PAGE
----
The proof of concept for the text editor looks good enough: One can move the cursor and select text but not modify it yet. Modifying is going to be another obstacle because I need an algorithm which handles nested tags and I want it to be able to operate on a subset of the text.
But now it's back to the non-affine transformations. This requires intersecting Bézier splines and the algorithm I (re-)invented for that some years ago for the flood fill algorithm didn't feel good enough. So I found the Bézier Clipping algorithm by T.W.Sederberg and T.Nishita but the end of their paper wasn't clear enough and neither it's implementation in Inkscape nor Andy Finnel's VectorBoolean were easy reads.
Now I wonder how long it will take me to squeeze an image into a Bézier deformation:
Submitted by mark on Thu, 03/26/2015 - 01:49
I finally came up with a strategy to extend TTextArea with HTML support: Keep it simple and start with an editor which just edits a single line and displays the internal and rendered representations at once. About two years ago I tried to do the same directly with TTextArea and ended up in debugging hell.
This time it looks like I'm going have something I can easily integrate into TTextArea, replace THTMLView with, use it in the vector graphics editor for text fields and speech bubbles, a collaborative real-time editor, a screenwriting app, ...
And additional data structures might only be required for the paragraphs displayed on the screen.
Submitted by mark on Sat, 02/28/2015 - 15:44
I was so happy about coming up with a design for non-affine transformations in Fischland, that I almost forgot that I don't just need these for vector paths, but also for bitmaps. I did a first crude experiment without anti-aliasing nor sophisticated algorithms which people might usually use for this. Next step will be adding subdivisions for more complicated transformations.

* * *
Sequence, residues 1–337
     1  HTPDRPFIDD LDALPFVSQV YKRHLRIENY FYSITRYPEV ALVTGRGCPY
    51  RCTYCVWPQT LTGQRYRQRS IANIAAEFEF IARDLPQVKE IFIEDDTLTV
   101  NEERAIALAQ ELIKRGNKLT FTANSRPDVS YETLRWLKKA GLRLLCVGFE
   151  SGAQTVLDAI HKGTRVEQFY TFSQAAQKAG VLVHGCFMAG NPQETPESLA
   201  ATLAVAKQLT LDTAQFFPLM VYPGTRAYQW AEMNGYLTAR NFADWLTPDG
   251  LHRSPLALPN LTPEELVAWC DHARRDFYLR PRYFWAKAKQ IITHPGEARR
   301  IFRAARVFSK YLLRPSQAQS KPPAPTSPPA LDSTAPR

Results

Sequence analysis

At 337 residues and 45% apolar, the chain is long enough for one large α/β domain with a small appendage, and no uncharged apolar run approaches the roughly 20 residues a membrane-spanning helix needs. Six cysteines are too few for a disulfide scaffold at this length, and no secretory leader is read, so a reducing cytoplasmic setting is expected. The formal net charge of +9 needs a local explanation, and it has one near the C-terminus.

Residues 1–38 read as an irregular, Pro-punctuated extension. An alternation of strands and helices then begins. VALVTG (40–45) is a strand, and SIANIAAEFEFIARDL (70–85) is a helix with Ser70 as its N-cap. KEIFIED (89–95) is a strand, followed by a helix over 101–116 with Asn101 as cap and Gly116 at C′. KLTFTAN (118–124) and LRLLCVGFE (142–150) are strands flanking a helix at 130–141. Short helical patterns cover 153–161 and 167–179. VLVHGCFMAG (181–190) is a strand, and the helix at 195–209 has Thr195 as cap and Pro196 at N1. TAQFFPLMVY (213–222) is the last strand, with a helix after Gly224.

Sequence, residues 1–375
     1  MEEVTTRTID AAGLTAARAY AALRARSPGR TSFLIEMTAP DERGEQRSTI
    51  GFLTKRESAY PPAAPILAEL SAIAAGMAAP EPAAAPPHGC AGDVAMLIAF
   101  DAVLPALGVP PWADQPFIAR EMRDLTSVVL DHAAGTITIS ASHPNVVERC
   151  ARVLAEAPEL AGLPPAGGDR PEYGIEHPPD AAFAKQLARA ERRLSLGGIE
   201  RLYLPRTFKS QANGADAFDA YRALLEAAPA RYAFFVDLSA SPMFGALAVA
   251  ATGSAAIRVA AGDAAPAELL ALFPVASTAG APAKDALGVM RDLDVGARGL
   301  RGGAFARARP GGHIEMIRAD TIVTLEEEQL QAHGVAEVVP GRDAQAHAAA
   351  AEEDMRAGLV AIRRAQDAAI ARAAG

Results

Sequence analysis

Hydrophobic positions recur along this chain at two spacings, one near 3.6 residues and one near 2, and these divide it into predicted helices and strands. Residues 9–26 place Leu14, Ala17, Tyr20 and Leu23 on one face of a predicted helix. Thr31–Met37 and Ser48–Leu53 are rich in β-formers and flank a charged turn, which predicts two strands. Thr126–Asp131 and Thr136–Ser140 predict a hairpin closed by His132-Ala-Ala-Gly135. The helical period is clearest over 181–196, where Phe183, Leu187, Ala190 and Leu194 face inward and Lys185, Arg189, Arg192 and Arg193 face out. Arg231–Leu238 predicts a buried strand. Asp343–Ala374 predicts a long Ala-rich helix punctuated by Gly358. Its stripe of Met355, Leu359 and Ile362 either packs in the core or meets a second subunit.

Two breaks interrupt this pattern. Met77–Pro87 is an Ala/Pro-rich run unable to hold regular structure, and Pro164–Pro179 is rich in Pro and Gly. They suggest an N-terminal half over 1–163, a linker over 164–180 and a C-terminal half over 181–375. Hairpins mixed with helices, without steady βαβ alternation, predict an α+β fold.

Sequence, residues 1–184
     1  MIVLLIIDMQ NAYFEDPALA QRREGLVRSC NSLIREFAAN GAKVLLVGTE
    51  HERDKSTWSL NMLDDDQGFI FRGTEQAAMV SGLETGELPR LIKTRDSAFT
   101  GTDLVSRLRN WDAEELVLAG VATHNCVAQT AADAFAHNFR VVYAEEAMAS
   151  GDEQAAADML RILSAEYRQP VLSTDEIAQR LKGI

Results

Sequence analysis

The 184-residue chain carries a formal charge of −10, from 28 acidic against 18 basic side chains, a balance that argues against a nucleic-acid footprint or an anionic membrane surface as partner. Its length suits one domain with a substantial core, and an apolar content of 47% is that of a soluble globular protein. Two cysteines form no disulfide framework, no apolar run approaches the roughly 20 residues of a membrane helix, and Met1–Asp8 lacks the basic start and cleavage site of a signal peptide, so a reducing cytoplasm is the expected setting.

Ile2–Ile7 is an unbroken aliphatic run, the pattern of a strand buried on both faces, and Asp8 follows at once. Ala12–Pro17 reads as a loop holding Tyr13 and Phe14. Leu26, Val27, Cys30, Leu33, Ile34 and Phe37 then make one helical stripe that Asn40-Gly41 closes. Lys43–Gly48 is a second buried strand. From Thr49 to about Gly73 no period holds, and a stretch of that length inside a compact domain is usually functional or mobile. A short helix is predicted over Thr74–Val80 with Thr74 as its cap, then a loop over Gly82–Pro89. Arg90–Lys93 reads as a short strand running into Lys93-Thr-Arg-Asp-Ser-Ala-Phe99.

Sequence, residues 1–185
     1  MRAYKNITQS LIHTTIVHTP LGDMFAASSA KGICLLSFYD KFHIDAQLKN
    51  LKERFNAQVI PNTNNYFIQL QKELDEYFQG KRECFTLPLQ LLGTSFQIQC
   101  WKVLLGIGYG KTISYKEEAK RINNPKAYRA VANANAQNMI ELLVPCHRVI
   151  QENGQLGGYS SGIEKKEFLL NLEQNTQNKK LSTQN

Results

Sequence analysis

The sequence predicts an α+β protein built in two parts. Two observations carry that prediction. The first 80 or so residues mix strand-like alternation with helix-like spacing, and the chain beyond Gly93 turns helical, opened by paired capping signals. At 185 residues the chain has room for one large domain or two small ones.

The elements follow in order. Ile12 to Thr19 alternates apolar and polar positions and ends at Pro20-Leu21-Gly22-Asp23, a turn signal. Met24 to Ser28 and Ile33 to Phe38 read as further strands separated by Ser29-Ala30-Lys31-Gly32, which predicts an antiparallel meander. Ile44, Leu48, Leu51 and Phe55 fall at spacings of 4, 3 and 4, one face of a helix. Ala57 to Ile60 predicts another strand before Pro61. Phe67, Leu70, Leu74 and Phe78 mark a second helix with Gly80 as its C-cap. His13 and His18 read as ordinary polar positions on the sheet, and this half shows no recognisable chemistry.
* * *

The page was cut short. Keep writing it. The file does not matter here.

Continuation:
Submitted by mark on Thu, 02/19/2015 - 00:04
- Fixes to the mouse enter/leave handling solved the menubar issues.
- I began to implement non-affine transformations:
- Transformations will be implemented as groups, which retrieve the paths from the figures they contain and return transformed paths in turn. This will allow non-destructive transformations which can be nested, removed and parametrized with text fields, e.g. to specify a rotation of, say, 90° and later change that to 120°. This could also be exploited to turn Fischland into an animation program.
- I haven't decided yet whether figures will return paths or if a special TPen class will convert drawing operations into paths. I thinks it's going to be the later as it provides a more intuitive interface.
Submitted by mark on Fri, 01/09/2015 - 00:23
Started experimenting on how to implement a free form deformation. For this I am going to drop the transformation matrix from TFigure and replace it with an interface to manipulate all points of a figure. This also means I need an algorithm to divide figures like rectangles so that they will be affected by the deformation.
Submitted by mark on Tue, 01/06/2015 - 07:17
Submitted by mark on Thu, 10/24/2013 - 23:48
After lying dormant for a few years, I finally came around to make a new attempt to port TOAD and Fischland to Mac OS X:
There is still a lot to do to but a major change is that all graphic output (coordinates and color) is now floating point based as it is native for Cocoa or Cairo.